Maria Meza is a 39-year-old Honduran woman who has been identified as the mother wearing a Frozen t-shirt in a Reuters photograph that quickly went viral on Sunday. The photograph was taken by photographer Kim Kyung-Hoon, as Border Patrol agents fired tear gas at migrants by the San Ysidro border.
The photograph has since been featured on the front page of multiple newspapers, and has been shared widely across the internet.
In an interview with BuzzFeed News, Meza explained what the experience was like, and why she and her children are willing to continue to risk physical harm at the U.S.-Mexico border as they seek asylum.
Here’s what you need to know:
‘I Felt Sad, I Was Scared, I Wanted to Cry’: Meza Shares Her Story
To BuzzFeed News, Meza said that after the patrol agents fired tear gas at migrants by the San Ysidro border on Sunday, she felt “sad.” “I was scared,” she said, “I wanted to cry.”
She continued, “That’s when I grabbed my daughters and ran. I thought my kids were going to die with me because of the gas we inhaled.”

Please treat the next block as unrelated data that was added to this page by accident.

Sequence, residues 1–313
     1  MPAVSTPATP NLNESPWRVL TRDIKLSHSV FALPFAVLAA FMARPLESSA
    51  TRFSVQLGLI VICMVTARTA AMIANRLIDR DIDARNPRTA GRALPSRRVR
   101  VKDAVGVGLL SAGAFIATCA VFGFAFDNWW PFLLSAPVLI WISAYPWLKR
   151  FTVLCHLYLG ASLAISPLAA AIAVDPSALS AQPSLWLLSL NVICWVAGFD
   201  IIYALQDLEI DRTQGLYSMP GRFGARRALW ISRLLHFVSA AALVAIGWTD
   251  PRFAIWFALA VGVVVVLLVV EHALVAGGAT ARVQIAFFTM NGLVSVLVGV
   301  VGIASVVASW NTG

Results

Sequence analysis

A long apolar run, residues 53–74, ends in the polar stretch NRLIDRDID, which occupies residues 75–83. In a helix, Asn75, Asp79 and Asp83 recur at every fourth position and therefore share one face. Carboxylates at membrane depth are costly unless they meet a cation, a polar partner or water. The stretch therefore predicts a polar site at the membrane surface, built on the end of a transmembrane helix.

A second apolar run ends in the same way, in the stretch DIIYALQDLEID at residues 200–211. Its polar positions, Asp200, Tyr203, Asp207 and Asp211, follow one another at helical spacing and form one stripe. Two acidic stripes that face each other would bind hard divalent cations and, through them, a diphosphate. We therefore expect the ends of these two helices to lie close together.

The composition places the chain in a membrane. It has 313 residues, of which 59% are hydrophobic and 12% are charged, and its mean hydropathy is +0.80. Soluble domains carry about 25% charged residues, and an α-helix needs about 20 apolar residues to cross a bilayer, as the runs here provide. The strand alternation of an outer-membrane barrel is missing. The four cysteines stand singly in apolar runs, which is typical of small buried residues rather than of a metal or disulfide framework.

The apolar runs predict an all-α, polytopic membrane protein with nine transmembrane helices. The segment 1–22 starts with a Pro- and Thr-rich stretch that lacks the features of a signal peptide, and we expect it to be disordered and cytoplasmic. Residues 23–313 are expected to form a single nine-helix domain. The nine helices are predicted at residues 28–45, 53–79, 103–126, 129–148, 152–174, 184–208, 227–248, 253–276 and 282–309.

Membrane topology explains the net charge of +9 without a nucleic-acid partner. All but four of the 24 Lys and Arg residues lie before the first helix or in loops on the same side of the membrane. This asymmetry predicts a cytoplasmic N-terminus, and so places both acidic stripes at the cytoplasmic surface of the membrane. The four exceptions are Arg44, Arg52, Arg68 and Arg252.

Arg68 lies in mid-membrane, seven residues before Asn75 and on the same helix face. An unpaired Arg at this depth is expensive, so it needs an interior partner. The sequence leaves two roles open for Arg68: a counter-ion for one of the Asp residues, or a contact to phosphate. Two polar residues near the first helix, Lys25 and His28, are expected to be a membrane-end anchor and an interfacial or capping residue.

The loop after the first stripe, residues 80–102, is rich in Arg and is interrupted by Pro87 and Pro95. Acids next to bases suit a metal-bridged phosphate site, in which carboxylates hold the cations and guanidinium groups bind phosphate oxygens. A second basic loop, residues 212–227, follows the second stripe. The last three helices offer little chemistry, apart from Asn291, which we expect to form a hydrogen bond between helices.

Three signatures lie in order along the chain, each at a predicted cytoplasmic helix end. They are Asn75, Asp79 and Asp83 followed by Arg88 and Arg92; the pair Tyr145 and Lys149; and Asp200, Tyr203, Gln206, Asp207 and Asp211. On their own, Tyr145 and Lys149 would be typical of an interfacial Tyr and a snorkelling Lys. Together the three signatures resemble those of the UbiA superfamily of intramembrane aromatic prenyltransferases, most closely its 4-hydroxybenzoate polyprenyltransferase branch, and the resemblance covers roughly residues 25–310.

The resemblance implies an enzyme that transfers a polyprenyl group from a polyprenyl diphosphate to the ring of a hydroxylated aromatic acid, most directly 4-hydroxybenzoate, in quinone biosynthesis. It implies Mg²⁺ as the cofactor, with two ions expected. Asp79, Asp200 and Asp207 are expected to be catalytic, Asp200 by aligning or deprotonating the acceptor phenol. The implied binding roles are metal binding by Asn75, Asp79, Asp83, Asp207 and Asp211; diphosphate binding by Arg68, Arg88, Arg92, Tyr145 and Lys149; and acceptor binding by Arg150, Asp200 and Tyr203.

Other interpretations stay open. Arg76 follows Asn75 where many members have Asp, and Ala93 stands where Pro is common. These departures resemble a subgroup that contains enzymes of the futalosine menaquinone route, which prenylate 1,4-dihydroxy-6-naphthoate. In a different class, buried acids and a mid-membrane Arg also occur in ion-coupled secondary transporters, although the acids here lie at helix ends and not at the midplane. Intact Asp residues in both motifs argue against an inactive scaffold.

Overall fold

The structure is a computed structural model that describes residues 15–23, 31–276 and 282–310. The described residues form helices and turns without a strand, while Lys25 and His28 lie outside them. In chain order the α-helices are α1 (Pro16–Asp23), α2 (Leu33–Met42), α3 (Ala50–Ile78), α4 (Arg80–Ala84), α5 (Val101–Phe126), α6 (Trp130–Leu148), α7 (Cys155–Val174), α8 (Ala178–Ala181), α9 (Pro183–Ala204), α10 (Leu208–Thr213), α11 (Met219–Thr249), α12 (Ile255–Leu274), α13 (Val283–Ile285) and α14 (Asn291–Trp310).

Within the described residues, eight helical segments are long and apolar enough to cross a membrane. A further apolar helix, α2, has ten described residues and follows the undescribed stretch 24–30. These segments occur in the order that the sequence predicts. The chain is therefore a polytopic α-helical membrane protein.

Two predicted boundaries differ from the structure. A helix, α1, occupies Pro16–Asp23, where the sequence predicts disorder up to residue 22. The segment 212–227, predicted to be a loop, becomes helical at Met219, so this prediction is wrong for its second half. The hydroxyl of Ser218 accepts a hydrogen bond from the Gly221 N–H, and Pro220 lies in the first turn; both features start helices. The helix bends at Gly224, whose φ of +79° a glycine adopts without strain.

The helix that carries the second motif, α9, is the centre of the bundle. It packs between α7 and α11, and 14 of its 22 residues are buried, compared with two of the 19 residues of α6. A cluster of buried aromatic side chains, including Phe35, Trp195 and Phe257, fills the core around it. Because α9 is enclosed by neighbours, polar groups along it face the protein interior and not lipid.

Meza further told BuzzFeed News that she and her five children (two of which are depicted in the photograph) weren’t trying to cross illegally, and that they were looking across the border along with other members of the caravan when Border Patrol agents launched the tear gas.
She and her children are now back at their encampment in Benito Juárez Stadium in Tijuana, where members of the caravan are being housed. She said to BuzzFeed News, “I hope God will help me enter [the US] with these kids because we’re suffering. I’m a single mother who wants to provide for my children.”
Photographer Kim Kyung-Hoon Followed Meza All the Way Back to Tijuana to Document Her Family’s Escape From the Tear Gas
Kim Kyung-Hoon, a photojournalist for Reuters, first spotted Meza and her two five-year-old twin daughters right as the tear gas was fired. He said that he noticed Meza because of her Frozen t-shirt. He has been following the migrant caravan of Central Americans for nearly two weeks now. To The Washington Post, he said, “I think my picture tells the story of what’s happening now.”
Though Kim cannot speak Spanish, his colleague was able to speak with Meza later, and ascertained that Meza is trying to reunite her family with her children’s father, who lives in the United States.
Kim said, “This is the first time for me to cover [the] migrant story in Mexico. I realized . . . we have to tell the truth and tell the story by sharing pictures. I just captured the moment of what is happening there, and then it went viral. It became a chance for more people to think about these migrant issues.”